State unemployment figures are out and Michigan is still leading the country with 15.2 percent unemployment. That's still a full percentage point below its all-time high from 1982 of 16.9 percent, but the four states filling out the top five -- Rhode Island (12.4), Oregon (12.2), South Carolina (12.1), and Nevada (12) -- all match their their all-time highs.
And how about the national axis of gloom that is MichiCaliFliArivada (that is, MI, CA, FL, AZ and NV)? They claim three of the top six worst unemployment rates.
California clocks in at number six with an 11.6 percent unemployment rate, joining Michigan and Nevada in the top six. All this information and more you can grab from the super-helpful table provided by the Real Time Economics blog at the Wall Street Journal. Here's a look at the top of the graph, organized by highest unemployment rate:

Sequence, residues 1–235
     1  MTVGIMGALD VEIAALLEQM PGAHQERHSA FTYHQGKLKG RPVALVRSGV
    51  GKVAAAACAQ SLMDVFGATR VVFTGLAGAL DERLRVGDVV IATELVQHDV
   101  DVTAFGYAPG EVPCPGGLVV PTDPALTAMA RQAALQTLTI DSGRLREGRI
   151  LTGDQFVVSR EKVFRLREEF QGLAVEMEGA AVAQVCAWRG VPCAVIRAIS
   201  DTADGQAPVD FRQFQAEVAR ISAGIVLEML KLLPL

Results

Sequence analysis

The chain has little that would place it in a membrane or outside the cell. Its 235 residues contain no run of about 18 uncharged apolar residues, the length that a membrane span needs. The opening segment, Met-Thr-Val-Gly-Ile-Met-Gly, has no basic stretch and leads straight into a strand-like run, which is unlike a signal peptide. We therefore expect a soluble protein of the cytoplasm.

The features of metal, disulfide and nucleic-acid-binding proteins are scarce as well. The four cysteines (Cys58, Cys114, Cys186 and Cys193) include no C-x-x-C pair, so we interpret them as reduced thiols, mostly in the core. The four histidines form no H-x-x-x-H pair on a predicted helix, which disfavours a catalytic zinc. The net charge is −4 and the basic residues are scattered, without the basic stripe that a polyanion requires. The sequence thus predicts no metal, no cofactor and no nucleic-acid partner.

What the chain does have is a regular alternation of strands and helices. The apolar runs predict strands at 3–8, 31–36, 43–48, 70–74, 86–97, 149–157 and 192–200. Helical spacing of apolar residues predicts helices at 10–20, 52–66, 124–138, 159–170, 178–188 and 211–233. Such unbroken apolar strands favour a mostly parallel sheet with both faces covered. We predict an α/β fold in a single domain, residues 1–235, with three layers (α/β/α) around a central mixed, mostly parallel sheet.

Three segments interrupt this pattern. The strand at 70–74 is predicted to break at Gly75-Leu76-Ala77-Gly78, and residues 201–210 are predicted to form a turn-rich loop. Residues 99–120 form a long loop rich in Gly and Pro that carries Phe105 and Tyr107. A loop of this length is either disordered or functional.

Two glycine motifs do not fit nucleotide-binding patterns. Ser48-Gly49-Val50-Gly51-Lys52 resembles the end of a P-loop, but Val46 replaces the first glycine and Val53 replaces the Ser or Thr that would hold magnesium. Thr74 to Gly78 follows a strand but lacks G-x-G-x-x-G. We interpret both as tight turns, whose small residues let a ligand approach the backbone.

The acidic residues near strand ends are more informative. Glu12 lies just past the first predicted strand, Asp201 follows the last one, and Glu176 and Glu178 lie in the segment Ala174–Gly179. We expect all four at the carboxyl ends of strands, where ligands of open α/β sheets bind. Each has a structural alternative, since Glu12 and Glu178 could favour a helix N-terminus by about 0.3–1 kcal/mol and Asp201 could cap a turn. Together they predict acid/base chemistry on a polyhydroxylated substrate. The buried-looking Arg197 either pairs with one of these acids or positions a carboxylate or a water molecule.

One other interesting fact to note about this awesome chart that lets you compare historical highs and lows between states. Alaska's all-time lowest unemployment rate according to the chart is 5.9 percent. South Dakota's all-time high? 5.9 percent, exactly.
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